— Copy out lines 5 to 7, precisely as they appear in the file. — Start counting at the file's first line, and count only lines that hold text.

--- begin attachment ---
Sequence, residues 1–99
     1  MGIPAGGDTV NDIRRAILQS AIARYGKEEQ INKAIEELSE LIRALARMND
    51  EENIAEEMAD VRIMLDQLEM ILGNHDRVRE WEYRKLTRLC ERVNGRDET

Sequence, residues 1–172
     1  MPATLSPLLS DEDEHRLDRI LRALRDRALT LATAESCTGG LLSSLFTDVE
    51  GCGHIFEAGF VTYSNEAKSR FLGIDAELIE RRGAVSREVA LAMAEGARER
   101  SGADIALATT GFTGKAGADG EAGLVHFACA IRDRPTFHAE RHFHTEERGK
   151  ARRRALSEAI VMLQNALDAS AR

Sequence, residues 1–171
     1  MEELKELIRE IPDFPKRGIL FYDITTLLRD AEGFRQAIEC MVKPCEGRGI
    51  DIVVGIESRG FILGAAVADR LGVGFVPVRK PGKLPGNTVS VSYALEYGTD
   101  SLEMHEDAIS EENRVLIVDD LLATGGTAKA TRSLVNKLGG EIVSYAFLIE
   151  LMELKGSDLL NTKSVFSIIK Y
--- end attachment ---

     1  MPATLSPLLS DEDEHRLDRI LRALRDRALT LATAESCTGG LLSSLFTDVE
    51  GCGHIFEAGF VTYSNEAKSR FLGIDAELIE RRGAVSREVA LAMAEGARER
   101  SGADIALATT GFTGKAGADG EAGLVHFACA IRDRPTFHAE RHFHTEERGK